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The Institutions Of Democracy

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Chapter Summary

Demetrius' contemporaries were clear in their assessment of his regime and of his place within it. When Poliorcetes ousted Cassander's partisans from Athens in 307, Demetrius of Phalerum and his associates were formally charged with overthrowing the democracy. No matter what the status of Athens' institutions, there is one sense in which the regime of 317-307 could unquestionably be deemed oligarchic, and that is in terms of the citizen body. Against the background of a potentially hostile citizen body, the desire for some restriction of the democratic institutions, the assembly and the council, has intrinsic plausibility. The replacement of sortition by election for the selection of the officials of state would have been in general accord with oligarchic criticisms of sortition. With the assembly, the courts were the touchstone of Athenian democracy. The status of the Areopagus council is fundamental to any evaluation of Demetrius' programme.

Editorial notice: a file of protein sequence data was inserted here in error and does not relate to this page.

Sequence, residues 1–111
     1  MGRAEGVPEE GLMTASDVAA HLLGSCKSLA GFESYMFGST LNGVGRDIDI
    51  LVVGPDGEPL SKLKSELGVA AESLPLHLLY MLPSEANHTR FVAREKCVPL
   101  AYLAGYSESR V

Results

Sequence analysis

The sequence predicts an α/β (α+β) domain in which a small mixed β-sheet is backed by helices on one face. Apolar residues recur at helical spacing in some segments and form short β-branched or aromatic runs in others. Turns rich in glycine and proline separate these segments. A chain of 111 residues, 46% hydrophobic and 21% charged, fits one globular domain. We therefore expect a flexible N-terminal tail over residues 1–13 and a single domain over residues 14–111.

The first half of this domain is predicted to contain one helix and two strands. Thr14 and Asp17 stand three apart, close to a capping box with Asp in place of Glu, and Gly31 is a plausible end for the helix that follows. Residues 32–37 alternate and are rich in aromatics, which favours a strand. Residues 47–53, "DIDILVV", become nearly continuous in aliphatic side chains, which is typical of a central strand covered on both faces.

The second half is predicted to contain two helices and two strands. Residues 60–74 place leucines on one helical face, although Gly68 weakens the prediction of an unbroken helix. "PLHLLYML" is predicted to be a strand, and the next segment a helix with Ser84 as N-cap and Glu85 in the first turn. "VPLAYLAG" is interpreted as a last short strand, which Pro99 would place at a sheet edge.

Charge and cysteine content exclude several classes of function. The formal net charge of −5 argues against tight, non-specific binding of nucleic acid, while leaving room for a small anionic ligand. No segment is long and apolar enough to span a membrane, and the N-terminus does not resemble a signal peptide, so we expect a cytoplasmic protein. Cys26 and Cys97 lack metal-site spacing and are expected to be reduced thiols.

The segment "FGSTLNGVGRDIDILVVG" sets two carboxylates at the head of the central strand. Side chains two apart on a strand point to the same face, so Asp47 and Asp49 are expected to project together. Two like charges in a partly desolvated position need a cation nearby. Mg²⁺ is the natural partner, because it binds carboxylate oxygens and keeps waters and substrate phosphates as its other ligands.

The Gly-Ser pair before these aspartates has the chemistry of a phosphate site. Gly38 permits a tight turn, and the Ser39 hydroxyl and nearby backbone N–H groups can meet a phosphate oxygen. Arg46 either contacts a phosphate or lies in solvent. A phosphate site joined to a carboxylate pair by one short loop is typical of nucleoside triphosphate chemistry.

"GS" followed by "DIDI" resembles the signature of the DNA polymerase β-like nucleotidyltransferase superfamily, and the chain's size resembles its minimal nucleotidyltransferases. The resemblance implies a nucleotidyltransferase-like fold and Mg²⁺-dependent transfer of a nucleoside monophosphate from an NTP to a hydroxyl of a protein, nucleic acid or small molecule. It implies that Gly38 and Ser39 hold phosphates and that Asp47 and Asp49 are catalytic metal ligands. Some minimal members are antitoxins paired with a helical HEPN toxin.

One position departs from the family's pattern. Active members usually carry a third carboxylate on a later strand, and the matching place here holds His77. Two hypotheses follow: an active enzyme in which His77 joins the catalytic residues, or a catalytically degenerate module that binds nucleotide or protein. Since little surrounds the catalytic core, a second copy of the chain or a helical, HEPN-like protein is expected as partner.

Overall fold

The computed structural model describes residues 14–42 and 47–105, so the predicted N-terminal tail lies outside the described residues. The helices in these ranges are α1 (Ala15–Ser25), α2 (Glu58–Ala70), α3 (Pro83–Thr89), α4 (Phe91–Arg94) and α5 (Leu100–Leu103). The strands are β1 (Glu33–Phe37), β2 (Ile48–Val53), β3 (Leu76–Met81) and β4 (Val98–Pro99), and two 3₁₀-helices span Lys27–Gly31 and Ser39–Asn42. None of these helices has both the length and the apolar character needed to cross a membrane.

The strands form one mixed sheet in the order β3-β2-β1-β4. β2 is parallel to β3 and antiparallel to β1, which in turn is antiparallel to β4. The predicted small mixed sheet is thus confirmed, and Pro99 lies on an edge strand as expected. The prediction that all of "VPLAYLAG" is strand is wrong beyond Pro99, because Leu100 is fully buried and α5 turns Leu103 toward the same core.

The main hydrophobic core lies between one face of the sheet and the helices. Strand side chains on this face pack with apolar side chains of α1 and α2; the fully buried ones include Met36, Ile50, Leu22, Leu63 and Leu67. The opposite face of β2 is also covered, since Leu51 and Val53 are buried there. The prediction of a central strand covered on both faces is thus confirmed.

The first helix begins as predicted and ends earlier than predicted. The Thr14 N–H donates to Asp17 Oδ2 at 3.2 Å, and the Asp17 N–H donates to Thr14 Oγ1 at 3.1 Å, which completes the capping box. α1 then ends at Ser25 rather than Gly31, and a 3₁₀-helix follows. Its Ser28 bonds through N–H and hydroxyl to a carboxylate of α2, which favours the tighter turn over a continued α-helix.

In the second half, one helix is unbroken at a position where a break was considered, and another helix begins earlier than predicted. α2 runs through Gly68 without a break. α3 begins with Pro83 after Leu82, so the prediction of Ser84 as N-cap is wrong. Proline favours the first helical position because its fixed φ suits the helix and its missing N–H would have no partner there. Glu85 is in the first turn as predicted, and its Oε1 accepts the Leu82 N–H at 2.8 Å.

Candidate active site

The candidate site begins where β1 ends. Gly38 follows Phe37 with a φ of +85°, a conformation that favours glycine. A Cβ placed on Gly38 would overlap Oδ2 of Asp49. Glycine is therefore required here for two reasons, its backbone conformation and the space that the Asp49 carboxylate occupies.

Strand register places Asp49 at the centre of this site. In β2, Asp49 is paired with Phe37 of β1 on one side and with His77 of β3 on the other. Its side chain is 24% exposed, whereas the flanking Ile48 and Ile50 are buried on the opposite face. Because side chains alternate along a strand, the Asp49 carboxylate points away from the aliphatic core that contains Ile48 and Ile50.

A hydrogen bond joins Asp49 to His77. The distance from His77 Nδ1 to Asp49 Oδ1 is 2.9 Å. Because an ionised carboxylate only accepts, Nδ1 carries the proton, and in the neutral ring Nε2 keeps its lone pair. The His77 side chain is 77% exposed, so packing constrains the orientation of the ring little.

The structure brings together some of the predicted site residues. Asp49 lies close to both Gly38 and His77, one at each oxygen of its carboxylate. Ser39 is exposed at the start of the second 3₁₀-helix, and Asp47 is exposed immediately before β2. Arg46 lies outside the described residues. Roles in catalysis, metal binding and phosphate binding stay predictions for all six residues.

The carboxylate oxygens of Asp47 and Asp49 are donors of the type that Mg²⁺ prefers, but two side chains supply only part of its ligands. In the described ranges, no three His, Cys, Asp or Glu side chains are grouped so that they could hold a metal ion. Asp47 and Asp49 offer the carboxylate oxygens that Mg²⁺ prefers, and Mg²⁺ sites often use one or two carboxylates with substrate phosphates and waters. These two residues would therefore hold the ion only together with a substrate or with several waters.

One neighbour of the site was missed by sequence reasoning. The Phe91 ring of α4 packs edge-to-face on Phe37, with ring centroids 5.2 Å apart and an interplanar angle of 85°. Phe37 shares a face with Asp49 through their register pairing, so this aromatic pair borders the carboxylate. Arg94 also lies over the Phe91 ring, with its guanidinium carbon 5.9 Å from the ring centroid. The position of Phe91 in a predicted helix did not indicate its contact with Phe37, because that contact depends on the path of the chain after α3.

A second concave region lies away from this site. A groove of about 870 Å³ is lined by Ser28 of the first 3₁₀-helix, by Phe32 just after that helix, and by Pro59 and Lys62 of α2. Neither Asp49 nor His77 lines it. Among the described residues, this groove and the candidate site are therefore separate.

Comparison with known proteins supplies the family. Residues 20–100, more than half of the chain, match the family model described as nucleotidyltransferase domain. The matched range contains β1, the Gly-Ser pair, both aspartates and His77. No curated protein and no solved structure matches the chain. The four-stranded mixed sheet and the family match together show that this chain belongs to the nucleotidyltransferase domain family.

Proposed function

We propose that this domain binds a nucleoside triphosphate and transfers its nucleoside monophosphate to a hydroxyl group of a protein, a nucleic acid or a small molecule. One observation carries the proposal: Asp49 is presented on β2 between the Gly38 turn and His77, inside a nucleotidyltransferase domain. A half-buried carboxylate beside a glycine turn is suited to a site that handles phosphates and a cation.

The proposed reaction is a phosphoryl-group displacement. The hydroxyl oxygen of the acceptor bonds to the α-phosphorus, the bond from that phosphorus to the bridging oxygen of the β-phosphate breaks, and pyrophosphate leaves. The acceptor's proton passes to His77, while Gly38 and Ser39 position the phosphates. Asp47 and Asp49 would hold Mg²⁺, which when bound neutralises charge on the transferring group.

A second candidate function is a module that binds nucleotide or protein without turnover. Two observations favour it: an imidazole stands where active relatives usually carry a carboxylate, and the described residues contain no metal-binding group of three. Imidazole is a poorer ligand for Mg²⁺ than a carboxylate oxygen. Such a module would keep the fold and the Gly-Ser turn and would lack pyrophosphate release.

Keywords: Areopagus council; Athenian courts; Athenian democracy; Demetrius of Phalerum; democratic institutions; election



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